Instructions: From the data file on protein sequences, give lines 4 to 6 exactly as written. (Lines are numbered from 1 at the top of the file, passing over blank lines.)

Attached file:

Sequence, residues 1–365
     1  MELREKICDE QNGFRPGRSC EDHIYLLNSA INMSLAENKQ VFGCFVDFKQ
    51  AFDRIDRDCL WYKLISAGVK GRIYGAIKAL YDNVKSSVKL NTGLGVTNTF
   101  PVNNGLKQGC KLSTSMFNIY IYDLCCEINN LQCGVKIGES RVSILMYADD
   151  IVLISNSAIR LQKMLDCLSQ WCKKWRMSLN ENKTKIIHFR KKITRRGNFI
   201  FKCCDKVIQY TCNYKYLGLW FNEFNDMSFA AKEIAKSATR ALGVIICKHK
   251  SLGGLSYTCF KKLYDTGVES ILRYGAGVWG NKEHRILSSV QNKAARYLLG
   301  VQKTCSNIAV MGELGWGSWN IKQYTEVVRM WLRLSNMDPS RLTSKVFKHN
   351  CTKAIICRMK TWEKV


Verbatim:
   101  PVNNGLKQGC KLSTSMFNIY IYDLCCEINN LQCGVKIGES RVSILMYADD
   151  IVLISNSAIR LQKMLDCLSQ WCKKWRMSLN ENKTKIIHFR KKITRRGNFI
   201  FKCCDKVIQY TCNYKYLGLW FNEFNDMSFA AKEIAKSATR ALGVIICKHK